We’ve received a few updates from Zach & Rachel’s team who are currently walking on the St. James Way in Spain. Here are some of the highlights:
The group is walking on the French route, which is more popular and has been featured in books and movies, so there are many “peregrinos” (pilgrims) walking with them. In fact, in the town the team started in (O’Cebreiro) there were no beds in any hostels because there are so many walkers. The team had a hard time finding beds at an “albergue” (hostel) Friday evening in Triacastela because of the large number of travelers, but eventually found a place where they would share rooms with some German’s and a Swede, which is good, because they had walked 21.5 kilometers through mountainous terrain and needed to rest! In addition German and Swedish nationalities, the first day of walking included interaction with Spanish, other Americans, Koreans, Dutch, Canadians, British, and Portuguese! The nations collide on the St. James Way!
In addition to being an evangelist, Abel, our national ministry partner who is walking with the team, is an amazing cook (Pastor Doug can attest to this)! So, Friday evening, Abel cooked for the team as well as the others staying at the hostel. This is a creative way of creating relational bridges into the lives of other pilgrims! Rachel reported that there is a unique culture on the Camino, where the simple greeting of “Buen Camino!” can open the door for conversation with people from anywhere in the world…assuming you have some bit of common language with which to communicate!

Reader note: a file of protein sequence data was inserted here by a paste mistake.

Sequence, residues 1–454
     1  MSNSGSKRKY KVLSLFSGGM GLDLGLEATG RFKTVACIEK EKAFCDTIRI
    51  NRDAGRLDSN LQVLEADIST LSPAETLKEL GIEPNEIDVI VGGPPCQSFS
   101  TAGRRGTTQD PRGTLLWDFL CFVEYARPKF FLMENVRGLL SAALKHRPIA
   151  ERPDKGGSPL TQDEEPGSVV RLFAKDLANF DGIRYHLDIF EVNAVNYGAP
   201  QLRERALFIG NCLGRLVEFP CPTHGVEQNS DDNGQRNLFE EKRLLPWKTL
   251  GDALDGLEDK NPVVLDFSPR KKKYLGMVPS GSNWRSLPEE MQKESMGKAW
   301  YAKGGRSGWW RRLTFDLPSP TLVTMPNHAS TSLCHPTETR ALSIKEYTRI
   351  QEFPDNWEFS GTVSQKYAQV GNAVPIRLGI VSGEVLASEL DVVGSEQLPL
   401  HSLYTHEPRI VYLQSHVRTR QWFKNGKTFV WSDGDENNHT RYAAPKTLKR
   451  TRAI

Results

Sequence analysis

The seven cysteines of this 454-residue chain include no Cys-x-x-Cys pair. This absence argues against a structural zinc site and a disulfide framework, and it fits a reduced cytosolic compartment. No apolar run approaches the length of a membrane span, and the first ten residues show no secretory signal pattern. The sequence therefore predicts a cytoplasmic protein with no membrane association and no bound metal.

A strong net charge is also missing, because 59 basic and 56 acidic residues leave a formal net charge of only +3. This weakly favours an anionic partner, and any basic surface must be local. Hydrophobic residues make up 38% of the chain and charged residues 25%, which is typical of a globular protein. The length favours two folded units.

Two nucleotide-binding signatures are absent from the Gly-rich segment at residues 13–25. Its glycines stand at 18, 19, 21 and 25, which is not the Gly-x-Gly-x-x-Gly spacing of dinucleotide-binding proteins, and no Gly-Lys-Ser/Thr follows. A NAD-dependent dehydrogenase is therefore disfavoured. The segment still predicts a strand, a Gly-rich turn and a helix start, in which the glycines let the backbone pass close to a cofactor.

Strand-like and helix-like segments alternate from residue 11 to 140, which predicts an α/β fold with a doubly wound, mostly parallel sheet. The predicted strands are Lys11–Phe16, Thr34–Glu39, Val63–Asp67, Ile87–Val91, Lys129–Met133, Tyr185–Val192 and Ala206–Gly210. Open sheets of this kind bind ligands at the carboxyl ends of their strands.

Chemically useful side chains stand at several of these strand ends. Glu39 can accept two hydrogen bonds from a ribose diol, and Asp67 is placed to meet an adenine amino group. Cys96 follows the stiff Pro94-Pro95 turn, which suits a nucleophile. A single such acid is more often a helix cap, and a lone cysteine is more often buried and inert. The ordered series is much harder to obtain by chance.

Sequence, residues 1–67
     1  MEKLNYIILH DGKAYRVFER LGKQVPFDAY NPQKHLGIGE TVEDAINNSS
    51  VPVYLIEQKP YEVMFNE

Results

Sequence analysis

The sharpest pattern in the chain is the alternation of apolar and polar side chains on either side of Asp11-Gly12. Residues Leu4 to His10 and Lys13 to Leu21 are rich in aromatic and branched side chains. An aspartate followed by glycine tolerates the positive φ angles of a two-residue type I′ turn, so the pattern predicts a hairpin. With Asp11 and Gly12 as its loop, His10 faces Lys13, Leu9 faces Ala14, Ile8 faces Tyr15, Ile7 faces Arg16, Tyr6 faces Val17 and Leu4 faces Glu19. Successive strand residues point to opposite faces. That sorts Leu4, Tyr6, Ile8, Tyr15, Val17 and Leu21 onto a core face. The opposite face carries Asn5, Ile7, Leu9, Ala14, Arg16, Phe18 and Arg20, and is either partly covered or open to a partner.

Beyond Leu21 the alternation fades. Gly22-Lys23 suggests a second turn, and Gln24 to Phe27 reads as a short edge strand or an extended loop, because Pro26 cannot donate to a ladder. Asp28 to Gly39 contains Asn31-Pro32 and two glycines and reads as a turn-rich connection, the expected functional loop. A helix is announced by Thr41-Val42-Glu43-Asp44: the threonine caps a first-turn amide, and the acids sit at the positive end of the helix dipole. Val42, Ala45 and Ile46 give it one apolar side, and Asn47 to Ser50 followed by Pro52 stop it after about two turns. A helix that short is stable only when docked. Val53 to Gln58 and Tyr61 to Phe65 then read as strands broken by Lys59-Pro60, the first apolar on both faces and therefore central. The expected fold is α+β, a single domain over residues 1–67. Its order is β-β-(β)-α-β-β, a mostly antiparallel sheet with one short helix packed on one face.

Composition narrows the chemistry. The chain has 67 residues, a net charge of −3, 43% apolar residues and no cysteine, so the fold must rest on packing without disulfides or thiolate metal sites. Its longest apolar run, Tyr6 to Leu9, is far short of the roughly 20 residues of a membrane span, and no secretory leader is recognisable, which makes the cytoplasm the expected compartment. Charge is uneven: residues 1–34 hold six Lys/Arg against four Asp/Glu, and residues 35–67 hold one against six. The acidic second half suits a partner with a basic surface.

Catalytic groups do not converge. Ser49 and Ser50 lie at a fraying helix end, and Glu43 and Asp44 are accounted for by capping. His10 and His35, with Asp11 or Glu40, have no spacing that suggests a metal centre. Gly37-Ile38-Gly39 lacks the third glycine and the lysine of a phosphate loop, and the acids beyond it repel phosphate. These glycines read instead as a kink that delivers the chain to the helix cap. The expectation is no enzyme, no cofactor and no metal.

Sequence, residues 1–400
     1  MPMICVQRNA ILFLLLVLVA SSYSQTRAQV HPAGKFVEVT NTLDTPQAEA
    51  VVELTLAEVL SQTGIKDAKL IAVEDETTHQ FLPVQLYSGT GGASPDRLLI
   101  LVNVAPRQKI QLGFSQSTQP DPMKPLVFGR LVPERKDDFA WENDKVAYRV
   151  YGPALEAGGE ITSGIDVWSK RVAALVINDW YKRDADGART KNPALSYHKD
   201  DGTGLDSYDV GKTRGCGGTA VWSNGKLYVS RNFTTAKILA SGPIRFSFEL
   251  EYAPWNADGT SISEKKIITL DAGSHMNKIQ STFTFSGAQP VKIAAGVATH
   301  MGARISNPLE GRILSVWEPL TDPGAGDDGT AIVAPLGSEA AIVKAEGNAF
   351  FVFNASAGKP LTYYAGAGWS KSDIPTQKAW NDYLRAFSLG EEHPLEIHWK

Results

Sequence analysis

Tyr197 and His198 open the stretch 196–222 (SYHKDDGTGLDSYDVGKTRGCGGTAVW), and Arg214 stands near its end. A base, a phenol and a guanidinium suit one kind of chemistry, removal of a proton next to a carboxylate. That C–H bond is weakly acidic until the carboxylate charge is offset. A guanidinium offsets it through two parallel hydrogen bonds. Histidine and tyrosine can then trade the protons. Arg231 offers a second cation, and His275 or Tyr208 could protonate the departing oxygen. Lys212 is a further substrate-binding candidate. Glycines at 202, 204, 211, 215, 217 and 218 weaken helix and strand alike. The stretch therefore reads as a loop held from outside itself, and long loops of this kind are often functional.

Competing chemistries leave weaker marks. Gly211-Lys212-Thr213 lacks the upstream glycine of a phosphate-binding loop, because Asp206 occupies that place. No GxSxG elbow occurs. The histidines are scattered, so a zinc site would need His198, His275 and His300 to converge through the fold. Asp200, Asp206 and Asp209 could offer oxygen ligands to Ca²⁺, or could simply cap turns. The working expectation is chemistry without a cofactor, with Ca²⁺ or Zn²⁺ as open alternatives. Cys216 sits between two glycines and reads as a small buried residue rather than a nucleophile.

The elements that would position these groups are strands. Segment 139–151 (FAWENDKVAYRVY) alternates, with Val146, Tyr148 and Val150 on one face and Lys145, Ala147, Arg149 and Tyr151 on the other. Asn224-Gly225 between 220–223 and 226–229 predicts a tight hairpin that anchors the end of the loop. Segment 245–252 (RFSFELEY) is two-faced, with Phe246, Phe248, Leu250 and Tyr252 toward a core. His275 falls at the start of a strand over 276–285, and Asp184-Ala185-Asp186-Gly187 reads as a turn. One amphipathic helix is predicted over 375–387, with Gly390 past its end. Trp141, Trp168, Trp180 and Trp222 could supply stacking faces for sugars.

From the team leader: We start each morning off with a short Camino-themed devotion and we have a longer Camino-themed lesson at night. This morning we were reminded that when we welcome hungry strangers in to eat, or thirsty strangers in to drink, we’re essentially welcoming in Jesus. Thus, while hiking is physically demanding and takes much of our energy, sharing with other peregrinos is a much more important aspect of our Camino mission trip!
Saturday was a 13-mile walk which include walking through fog and sunshine, which concluded with a stay at an albergue whose owner spoke no English at all! This is a great character-forming experience for cross-cultural missions trippers; learning to communicate and minister when there is no common language.
The team joked that they are getting started later and later every day! It seems that they are adapting to the cultures that surround them that are less concerned about plans, schedules, and to-do lists! None-the-less, it was another full day of walking, including interaction with several other cultures, again: today it was Italians, Koreans, and Canadians. The team met also met a father/daughter combo who was walking the Camino to mourn the loss of their wife/mother to liver cancer – people come for many reasons that open the channels of communication and sharing life together.
Please continue to pray for the team as they walk, and particularly for their opportunities to share their Good News with people they meet. As the continue to approach the Camino’s end-point, the cathedral at Santiago, there will be more and more pilgrims. Also pray for their aching bodies, and for the spiritual lessons God wants them to learn through this process.